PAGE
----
Ganushchak, L., Krott, A., & Meyer, A.S. (2010). Is it a letter? Is it a number? Processing of numbers within SMS shortcuts. Psychonomic Bulletin & Review, 17 (1), 101-105.

Krott, A. (2009). The role of analogy for compound words. In Blevins, J., & Blevins, J. (Eds.). Analogy in Grammar: Form and Acquisition (pp. 118-136). Oxford: Oxford University Press.

Krott, A., Gagné, C., and Nicoladis, E. (2009). How the parts relate to the whole: frequency effects on children's interpretations of novel compounds. Journal of Child Language, 36 (1), 85-112.

Nicoladis, E. and Krott, A. (2007). Family size and French-speaking children's segmentation of existing compounds. Language Learning, 57 (2), 201-228.

Krott, A., Schreuder, R. and Baayen, R.H., Dressler, W.U. (2007). Analogical effects on linking elements in German compounds. Language and Cognitive Processes, 22 (1), 25-57.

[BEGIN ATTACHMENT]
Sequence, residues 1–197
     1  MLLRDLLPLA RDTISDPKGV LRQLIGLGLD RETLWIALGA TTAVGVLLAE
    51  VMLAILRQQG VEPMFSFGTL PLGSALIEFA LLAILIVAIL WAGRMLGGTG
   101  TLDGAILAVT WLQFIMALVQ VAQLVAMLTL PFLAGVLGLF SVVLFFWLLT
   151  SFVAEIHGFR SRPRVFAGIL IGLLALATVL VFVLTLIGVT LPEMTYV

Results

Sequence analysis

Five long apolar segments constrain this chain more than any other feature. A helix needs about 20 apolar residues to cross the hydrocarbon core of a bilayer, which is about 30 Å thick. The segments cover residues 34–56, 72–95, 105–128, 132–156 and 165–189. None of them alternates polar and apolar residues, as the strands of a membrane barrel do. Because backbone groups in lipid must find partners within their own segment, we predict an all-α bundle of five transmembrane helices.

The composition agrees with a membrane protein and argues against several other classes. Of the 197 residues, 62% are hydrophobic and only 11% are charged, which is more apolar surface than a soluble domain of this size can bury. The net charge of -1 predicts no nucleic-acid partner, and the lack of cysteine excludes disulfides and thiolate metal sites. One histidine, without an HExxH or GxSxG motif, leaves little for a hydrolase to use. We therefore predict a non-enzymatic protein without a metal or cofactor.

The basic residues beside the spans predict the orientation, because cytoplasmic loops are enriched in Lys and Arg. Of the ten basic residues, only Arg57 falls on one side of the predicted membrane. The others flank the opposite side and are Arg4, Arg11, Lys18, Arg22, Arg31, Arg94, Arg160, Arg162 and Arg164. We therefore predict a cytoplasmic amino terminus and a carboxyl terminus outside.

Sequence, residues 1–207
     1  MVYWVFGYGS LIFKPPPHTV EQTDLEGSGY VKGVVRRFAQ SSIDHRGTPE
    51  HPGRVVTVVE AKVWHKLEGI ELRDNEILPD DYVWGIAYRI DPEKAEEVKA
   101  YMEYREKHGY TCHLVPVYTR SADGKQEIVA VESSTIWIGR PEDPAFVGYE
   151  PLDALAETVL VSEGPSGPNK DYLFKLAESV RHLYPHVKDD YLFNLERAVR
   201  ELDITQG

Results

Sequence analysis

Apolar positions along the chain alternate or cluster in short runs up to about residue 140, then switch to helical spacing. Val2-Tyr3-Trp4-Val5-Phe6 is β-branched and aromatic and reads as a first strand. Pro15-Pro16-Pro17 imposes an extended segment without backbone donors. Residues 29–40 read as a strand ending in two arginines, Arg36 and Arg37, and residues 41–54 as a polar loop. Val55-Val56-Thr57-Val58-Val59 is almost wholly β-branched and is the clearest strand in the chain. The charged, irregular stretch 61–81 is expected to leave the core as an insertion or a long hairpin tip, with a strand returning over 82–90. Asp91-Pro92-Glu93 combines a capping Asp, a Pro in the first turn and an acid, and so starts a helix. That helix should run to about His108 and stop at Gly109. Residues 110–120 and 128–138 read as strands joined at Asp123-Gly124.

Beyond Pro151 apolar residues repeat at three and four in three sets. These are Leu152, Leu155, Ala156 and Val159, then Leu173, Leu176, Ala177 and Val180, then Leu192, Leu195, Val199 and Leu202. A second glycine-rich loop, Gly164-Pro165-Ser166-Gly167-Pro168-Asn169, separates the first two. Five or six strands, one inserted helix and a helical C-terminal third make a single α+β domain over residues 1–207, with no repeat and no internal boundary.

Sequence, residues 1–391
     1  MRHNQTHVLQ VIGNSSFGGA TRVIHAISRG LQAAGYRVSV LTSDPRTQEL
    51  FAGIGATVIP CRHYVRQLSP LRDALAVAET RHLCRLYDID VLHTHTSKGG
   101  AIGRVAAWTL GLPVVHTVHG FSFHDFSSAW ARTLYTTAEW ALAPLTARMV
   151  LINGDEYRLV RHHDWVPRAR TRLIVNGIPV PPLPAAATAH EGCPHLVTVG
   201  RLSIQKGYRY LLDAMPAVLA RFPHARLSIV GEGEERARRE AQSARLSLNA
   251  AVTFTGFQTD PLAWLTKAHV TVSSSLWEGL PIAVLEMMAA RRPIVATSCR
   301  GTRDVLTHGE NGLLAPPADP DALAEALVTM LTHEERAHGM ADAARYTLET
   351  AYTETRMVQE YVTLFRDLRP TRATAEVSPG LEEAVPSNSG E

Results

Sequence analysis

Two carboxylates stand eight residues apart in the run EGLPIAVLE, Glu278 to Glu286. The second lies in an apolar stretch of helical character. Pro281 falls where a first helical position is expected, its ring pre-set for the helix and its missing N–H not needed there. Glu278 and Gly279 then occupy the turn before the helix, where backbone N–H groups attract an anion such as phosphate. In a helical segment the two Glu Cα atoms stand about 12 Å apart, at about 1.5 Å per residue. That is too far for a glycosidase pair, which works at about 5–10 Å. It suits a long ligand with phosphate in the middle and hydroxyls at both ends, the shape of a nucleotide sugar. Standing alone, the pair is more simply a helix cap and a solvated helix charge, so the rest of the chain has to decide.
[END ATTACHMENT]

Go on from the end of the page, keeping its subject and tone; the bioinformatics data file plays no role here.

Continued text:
Krott, A., Baayen, R.H., & Hagoort, P. (2006). The nature of anterior negativities caused by misapplications of morphological rules. Journal of Cognitive Neuroscience 18 (10), 1616-1630.

Krott, A., & Nicoladis, E. (2005). Large constituent families help children parse compounds. Journal of Child Language, 32 (1), 139-158.

Krott, Andrea (2004). Ein funktionalanalytisches Modell der Wortbildung [A functional analytical model of word formation]. Köhler, Reinhard (Ed.): Korpuslinguistische Untersuchungen zur Quantitativen und Systemtheoretischen Linguistik [Corpus-linguistic Investigations of Quantitative and System-theoretical Linguistics] (pp. 75-126). Elektronische Hochschulschriften an der Universität Trier. See PDF - 364KB

Krott, A., Hagoort, P., & Baayen, H. (2004): Sublexical units and supralexical combinatorics in the processing of interfixed Dutch compounds. Language and Cognitive Processes, 19 (3), 453-471.

Krott, A., Libben, G., Jarema, G., Dressler, W.U., Schreuder, R., & Baayen, H. (2004): Probability in the grammar of German and Dutch: interfixation in tri-constituent compounds. Speech and Language, 47 (1), 83-106.